Since I had the first show to just soak up the music, and since San Francisco was a far better crowd, this time I had a chance to really observe the way the band interact with the audience, and it was fascinating. It was hard to see Die from where I was without twisting at an odd angle so I didn’t see as much of him, hopefully someone who was on his side will fill in the gaps, but the other four…
I have to admit that, unlike most other fans, Kyo has always been the one I’ve been least interested in watching. There’s a certain darkness in him that I just don’t empathize with, as much as I admire his talents as a singer and a lyricist. I used to have a boyfriend who cut himself when he was frustrated, and that’s part of it – having been close to that for a while it’s too painful to watch it any more. I understand how cathartic that part of the show is for some people, but there’s a place he goes during shows that I’ve just never wanted to follow him to. I had a moment last night though, when he was staring into the crowd and caught my eye, and for a while I actually went there with him. Concert footage really doesn’t capture how mesmerizing he is in real life, the intensity of his stare when it’s directed right at you, the almost trancelike state he works himself into. He deliberately challenges people, pushes them to places that they would never go by themselves, and it’s an amazing experience. I finally understand why so many fans are so obsessed with him.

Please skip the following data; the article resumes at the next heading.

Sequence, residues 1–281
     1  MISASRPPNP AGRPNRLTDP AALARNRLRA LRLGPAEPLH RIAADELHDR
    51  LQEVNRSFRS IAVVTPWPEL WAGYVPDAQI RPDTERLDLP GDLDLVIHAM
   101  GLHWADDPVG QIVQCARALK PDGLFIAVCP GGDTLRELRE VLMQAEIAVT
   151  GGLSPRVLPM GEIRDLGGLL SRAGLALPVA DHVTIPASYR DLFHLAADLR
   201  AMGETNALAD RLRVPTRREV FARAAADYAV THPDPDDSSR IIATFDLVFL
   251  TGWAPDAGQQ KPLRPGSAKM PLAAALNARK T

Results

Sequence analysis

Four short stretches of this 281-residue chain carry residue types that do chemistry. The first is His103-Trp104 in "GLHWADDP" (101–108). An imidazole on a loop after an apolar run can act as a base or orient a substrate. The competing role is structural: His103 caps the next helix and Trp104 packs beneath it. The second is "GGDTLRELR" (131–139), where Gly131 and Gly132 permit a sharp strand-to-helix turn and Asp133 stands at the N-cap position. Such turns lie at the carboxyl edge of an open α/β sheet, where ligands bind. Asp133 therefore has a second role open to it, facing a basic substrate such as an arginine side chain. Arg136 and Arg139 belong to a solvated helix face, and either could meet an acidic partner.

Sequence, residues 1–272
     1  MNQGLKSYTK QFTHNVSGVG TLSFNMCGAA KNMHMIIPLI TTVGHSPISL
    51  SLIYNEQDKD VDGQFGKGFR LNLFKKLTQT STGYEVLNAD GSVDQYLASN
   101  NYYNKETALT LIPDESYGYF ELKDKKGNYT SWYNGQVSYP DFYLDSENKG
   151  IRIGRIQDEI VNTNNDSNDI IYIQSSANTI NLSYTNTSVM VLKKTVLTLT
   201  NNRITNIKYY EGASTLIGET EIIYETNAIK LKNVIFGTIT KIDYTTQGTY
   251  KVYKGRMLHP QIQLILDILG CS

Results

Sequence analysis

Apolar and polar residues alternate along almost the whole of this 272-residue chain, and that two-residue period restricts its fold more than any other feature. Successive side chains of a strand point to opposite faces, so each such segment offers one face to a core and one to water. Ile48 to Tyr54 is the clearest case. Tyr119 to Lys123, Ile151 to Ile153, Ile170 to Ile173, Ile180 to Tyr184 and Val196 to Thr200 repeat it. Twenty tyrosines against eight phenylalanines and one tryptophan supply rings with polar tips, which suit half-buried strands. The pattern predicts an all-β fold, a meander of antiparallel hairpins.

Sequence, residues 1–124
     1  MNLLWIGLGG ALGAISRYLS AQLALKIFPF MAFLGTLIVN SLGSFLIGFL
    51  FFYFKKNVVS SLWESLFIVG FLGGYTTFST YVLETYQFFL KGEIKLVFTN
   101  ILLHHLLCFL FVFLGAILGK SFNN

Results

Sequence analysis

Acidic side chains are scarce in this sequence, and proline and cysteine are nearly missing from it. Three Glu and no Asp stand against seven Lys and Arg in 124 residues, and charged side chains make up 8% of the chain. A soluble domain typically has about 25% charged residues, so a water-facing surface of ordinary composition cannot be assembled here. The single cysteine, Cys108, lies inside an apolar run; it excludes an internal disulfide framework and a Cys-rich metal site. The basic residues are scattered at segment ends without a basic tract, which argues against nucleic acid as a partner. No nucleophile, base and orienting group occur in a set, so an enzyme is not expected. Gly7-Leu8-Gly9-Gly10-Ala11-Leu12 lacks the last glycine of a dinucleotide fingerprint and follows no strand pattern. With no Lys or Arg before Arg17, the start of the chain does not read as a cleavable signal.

Shinya is…Shinya. It’s always amazed me how such a quiet, physically frail-looking man can be such a monster behind the drums, but he really is. He doesn’t interact that much with the crowd, just keeps his head down and focuses on the music, other than the drumstick throwing moment at the end. He’s wonderful to watch though – he was probably the weakest of all of them musically in the beginning, but he’s grown into a hell of a drummer. The look on his face when Kyo threw his box directly at the drum set was priceless, too.
Kaoru live is a thing of beauty, and I don’t mean that in a superficial way at all. He’s the other one who seems to slip into a trance when he’s really into the music – he spends a lot of time with his head down, eyes closed, lost in the music. There’s always been something oddly still about Kaoru, and that quality seems to become more pronounced the older he gets. I’ve always wondered if that’s why so few of the American fans seem to focus on him – in many ways he’s the most overtly Japanese of all of them, and I wonder if people here find that sense of quiet reserve off-putting. He certainly doesn’t get the credit he deserves as being the genius behind the whole thing as often as he should.